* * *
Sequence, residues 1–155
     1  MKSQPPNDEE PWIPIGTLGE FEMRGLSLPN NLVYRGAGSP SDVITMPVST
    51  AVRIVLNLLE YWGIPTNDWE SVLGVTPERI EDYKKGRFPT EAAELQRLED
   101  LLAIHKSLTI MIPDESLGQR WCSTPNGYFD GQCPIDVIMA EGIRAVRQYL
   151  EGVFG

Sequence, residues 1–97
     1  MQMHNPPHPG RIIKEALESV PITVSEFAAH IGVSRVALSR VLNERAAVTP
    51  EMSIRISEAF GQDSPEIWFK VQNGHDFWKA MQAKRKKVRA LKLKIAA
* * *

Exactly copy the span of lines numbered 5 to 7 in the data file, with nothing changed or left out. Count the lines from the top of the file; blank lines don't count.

   151  EGVFG

Sequence, residues 1–97
     1  MQMHNPPHPG RIIKEALESV PITVSEFAAH IGVSRVALSR VLNERAAVTP